Adventus

"The central doctrine of Christianity, then, is not that God is a bastard. It is, in the words of the late Dominican theologian Herbert McCabe, that if you don’t love you’re dead, and if you do, they’ll kill you."--Terry Eagleton

"It is impossible for me to say in my book one word about all that music has meant in my life. How then can I hope to be understood?--Ludwig Wittgenstein

“The opposite of poverty is not wealth; the opposite of poverty is justice."--Bryan Stevenson

Thursday, October 13, 2016

The time's they are a catchin' up


Dylan wins the Nobel for Literature.

The New York Times knows nothing about literature:

 The announcement, in Stockholm, was a surprise: Although Mr. Dylan, 75, has been mentioned often as having an outside shot at the prize, his work does not fit into the literary canons of novels, poetry and short stories that the prize has traditionally recognized.

But the Nobel Committee does:

“I came to realise that we still read Homer and Sappho from ancient Greece, and they were writing 2,500 years ago,” she said. “They were meant to be performed, often together with instruments, but they have survived, and survived incredibly well, on the book page. We enjoy [their] poetry, and I think Bob Dylan deserves to be read as a poet.” *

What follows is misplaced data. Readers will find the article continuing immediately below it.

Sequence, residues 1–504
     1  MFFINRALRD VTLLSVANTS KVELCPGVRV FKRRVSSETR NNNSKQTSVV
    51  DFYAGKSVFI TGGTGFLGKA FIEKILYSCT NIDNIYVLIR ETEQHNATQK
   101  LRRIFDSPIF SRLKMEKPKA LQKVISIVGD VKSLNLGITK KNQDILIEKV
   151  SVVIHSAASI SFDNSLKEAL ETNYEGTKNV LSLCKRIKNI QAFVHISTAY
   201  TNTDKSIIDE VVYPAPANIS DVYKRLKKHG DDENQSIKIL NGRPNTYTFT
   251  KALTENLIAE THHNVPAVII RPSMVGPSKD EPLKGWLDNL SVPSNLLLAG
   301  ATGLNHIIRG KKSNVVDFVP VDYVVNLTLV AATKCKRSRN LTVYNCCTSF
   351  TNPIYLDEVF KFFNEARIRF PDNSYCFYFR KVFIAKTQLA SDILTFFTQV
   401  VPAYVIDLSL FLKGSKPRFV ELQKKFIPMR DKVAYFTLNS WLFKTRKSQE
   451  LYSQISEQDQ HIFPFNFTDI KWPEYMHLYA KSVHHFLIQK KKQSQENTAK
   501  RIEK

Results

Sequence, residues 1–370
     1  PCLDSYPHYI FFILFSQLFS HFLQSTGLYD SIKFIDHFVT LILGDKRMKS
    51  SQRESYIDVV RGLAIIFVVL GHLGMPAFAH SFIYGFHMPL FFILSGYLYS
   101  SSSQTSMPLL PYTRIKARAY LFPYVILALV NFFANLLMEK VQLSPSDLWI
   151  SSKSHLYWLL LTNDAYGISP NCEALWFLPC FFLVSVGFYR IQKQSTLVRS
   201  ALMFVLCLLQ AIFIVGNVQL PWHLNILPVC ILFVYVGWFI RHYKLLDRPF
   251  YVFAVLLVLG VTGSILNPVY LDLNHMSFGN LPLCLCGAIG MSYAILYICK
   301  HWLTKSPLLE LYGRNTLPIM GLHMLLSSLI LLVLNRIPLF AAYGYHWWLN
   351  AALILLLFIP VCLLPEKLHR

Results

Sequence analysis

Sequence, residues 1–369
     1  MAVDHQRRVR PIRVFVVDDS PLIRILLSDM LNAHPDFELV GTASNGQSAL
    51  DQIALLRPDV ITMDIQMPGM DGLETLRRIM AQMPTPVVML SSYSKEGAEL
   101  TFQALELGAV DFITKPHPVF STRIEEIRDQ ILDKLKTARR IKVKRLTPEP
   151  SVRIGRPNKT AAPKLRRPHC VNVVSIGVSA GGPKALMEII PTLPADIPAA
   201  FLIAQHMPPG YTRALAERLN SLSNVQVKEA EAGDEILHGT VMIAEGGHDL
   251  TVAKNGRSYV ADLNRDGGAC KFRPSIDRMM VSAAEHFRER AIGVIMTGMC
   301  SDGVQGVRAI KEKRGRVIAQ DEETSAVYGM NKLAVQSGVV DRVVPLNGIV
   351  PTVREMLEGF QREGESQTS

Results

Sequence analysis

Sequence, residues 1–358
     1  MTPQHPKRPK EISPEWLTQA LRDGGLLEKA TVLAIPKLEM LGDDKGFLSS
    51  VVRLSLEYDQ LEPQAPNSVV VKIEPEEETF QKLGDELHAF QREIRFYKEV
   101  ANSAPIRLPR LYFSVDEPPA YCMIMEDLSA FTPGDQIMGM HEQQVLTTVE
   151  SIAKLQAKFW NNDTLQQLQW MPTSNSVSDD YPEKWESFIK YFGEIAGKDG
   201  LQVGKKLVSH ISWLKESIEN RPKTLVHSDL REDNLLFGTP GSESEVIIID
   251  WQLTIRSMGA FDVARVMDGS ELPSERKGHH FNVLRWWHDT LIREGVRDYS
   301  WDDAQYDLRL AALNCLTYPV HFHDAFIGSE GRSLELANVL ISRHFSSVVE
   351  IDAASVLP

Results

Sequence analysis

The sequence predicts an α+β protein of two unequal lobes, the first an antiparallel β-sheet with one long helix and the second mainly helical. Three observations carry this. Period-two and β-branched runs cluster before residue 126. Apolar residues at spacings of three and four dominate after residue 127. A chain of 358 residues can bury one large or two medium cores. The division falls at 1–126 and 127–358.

A two-fer!

*The preferred shorter answer is that we classify poetry as "lyric" to this day because poems were performed with a lyre for accompaniment, and yes, even Homer and Sappho's poetry (and Beowulf!) were originally chanted (as we would call it) or sung, as Homer would have put it.  They would not distinguish Dylan because he put his words to music; they would wonder why we think "lyric" poetry shouldn't have music.

2 Comments:

Blogger The Thought Criminal said...

It's like the many people I know who claim to hate poetry, especially rhyming poetry in a set verse structure but who know every rhyming lyric to every song by x, y, and z. It's almost as bad as the fans of American sit-com TV and cop operas who hate opera because the plots are unrealistic.

It's one of the better choices of the Lit committee as far as I'm concerned. They're probably the most uneven of the Nobel establishments in the quality of their list of choices.

11:38 AM  
Blogger Rmj said...

Yup. Rudyard Kipling? Really?

11:48 AM  

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